Amazon is taking the next step in healthcare – the shipping giant is reportedly working on a vaccine against cancer. A first clinical study is said to have already started.
Experts have suspected that Amazon has had the healthcare sector firmly in its sights for some time. So did economist Scott Galloway, who predicted in 2020 that Amazon “will be the world’s fastest growing healthcare company by 2025.” The latest report about the efforts of the mail order company in the health sector is hardly surprising. Accordingly, Amazon is involved in the development of a vaccine against cancer.
How Far Is Amazon’s Cancer Vaccine?
As reported by Business Insider, Amazon is working with the Fred Hutchinson Cancer Centre in Seattle on a vaccine against cancer. This could one day be used for skin and breast cancer. The main focus will be on stage IIC-IV melanoma and HER2-negative breast cancer.
However, the vaccine is currently in the testing phase. The Team is now looking for subjects for a clinical study. The US Food and Drug Administration (FDA) has approved human testing. The aim is to develop an alternative to chemotherapy.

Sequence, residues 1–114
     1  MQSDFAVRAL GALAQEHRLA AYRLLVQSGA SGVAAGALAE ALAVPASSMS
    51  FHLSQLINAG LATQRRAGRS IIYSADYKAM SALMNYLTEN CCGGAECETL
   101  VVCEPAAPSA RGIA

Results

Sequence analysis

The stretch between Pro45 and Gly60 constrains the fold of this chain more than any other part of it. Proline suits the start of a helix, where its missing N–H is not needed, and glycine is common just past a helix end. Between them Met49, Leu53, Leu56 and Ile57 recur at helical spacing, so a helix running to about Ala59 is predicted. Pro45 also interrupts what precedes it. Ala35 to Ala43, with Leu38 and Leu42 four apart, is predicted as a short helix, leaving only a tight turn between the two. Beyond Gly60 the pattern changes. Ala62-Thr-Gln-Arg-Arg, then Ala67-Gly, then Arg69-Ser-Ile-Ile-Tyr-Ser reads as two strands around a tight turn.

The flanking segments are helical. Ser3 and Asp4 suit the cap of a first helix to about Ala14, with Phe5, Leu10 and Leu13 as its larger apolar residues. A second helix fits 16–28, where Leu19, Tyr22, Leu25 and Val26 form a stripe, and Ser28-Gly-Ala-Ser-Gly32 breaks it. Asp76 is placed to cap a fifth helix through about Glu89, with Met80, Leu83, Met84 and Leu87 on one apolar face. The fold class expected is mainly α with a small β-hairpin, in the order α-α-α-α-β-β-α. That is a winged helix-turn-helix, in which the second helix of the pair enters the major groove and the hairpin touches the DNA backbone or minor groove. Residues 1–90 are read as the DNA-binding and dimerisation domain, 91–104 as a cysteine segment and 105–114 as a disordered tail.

What Is Known About The Study?
According to the Business Insider report, the study is already in full swing. It is scheduled to continue until November 2023. For the first phase of the clinical study, 20 patients aged 18 and over are planned.
According to Business Insider, the FDA documents show that Amazon is also listed as an “employee” and Fred Hutchinson as a sponsor. Both sides have confirmed this information to BI.
What Does Amazon Say About Its Cancer Vaccine?
If implemented successfully, the planned vaccine could function similarly to vaccination against the coronavirus. The substance is supposed to train the immune system to recognize cancer cells and attack them accordingly.
But it could be quite a while before it is used in medicine. An Amazon spokesman told Business Insider that it was a “long, multi-year process.” Should progress be made here, the company would be “open to collaboration with other healthcare organisations.”